Filipino rebels hold hostages as human shields
By BULLIT MARQUEZ
ZAMBOANGA, Philippines (AP) -- About 200 Muslim rebels, enraged by a broken peace deal with the Philippine government, held scores of hostages as human shields Tuesday in a standoff with government forces for the second day with no solution in sight.
More battle-ready troops and police were flown to the southern port city of Zamboanga in a bid to end the crisis. The troops have surrounded the Moro National Liberation Front guerrillas with their hostages in four coastal villages since the crisis erupted Monday.
The rebel group signed a peace accord with the government in 1996, but hundreds of its fighters held on to their arms and have recently accused officials of reneging on a promise to develop an autonomous region for minority Muslims in southern Mindanao region. They also felt left out after a breakaway faction engaged in successful peace talks with the government, brokered by Malaysia.
Last month, the Moro National Liberation Front issued new threats to secede by establishing its own republic.
However, its leader, Nur Misuari, has not surfaced nor issued any statement since an estimated 180 to 200 of his followers barged into Zamboanga city's coast early Monday and clashed with army troops and police. The fighting left at least eight combatants and civilians dead and 24 wounded.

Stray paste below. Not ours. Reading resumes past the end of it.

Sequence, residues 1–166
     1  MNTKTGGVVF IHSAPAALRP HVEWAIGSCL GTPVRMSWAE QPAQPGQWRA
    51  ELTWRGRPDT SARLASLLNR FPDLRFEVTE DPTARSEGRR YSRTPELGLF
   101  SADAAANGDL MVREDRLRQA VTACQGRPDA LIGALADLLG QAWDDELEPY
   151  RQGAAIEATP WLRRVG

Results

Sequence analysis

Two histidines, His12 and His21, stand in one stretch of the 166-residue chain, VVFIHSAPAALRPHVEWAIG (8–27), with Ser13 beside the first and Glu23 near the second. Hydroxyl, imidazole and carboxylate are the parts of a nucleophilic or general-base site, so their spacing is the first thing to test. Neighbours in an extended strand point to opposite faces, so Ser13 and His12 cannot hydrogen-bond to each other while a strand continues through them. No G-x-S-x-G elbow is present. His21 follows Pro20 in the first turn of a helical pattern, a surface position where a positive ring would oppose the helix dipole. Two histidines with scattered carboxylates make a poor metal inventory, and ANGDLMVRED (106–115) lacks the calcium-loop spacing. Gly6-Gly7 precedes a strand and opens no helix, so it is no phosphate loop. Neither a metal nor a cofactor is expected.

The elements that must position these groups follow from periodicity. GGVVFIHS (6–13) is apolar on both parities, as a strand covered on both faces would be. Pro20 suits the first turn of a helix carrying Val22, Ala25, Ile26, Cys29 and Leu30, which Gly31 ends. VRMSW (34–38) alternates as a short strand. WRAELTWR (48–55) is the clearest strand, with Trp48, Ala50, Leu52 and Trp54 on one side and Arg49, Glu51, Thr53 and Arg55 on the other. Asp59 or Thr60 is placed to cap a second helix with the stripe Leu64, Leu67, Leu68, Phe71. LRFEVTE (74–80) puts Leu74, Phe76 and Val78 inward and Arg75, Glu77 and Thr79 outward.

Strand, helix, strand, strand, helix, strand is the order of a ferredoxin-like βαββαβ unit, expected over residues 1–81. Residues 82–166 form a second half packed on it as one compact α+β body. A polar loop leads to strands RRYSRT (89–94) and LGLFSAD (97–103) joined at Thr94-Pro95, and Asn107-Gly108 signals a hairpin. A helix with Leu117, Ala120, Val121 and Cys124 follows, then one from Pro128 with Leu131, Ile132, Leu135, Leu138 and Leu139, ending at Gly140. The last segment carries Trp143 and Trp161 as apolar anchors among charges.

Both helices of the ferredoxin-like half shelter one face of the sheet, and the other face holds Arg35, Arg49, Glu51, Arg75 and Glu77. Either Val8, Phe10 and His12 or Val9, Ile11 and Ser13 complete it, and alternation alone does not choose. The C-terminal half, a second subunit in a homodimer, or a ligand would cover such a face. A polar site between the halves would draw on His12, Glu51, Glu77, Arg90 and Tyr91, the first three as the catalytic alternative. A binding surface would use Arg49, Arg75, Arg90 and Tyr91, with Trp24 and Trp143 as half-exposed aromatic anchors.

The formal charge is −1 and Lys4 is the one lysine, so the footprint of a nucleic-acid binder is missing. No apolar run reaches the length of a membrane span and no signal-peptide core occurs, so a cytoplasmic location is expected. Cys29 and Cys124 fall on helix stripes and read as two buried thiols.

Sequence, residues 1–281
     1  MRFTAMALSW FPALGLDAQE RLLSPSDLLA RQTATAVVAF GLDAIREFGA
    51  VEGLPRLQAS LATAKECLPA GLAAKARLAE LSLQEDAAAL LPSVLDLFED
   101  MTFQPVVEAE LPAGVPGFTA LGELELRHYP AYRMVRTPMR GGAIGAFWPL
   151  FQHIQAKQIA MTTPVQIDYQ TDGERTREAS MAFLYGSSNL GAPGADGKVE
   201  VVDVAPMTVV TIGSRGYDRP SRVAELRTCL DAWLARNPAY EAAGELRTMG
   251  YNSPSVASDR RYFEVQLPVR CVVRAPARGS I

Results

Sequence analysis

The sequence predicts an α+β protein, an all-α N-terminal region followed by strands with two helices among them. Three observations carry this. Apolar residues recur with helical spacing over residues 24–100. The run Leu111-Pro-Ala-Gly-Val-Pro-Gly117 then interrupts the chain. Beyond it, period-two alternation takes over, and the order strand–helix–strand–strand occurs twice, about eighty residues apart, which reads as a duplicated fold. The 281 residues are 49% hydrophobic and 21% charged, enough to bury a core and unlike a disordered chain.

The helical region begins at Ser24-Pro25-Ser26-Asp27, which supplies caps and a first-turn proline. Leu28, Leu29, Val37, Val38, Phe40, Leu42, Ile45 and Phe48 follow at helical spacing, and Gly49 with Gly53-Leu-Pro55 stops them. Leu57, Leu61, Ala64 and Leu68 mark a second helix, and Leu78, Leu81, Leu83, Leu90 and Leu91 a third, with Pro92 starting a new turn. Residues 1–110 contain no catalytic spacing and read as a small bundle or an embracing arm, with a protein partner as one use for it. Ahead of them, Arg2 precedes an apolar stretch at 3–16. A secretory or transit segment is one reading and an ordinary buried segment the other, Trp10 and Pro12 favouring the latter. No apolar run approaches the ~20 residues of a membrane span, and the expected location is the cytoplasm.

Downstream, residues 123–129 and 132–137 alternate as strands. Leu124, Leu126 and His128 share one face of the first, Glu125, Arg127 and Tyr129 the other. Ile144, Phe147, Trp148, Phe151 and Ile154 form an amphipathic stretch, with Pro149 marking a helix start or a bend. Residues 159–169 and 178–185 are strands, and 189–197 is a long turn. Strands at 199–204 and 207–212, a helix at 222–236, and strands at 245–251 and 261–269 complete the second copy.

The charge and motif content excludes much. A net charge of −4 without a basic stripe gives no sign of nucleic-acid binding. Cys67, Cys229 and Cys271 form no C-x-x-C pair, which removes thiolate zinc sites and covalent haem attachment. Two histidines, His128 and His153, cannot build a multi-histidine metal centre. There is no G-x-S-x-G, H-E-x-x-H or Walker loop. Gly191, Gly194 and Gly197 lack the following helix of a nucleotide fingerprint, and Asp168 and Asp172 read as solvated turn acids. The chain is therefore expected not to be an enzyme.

During the fighting, the rebels took scores of residents hostage, holding them in some houses and a mosque that have been ringed by troops.
There is no indication whether the rebels were open to talks or what they intend to do next.
President Benigno Aquino III said the top priority was to ensure the safety of the hostages and the populace of the key trading city, where flights and ferries have been suspended. He deployed top Cabinet officials and his military chief of staff to oversee the latest security crisis in the country's south, scene of a decades-long Muslim unrest and homeland of minority Muslims in the largely Catholic nation.
Interior Secretary Mar Roxas said a crisis committee led by Zamboanga city Mayor Maria Isabelle Climaco was open to negotiate with the guerrillas for the safe and unconditional release of the hostages.
"The primary mission of the government now is clear: do everything possible to convince the armed MNLF group to free all the captive residents they are using as a `human shield' against military and police operations," Roxas said.
Misuari's rival group, the 11,000-strong Moro Islamic Liberation Front, has made substantial progress toward a new autonomy deal for the Muslims in the Malaysia-brokered peace talks with the government.
The latest round of those talks resumed Tuesday in Kuala Lumpur, Malaysia.
Military spokesman Lt. Col. Ramon Zagala said the Moro rebels planned to march into Zamboanga, a city of nearly 1 million people, and hoist their flag at city hall but government forces discovered the plan three days ago and took defensive positions.
After thwarting rebel plans to seize Zamboanga's seat of government and sow trouble, Roxas said government forces were now focusing on "saving as many lives as possible."
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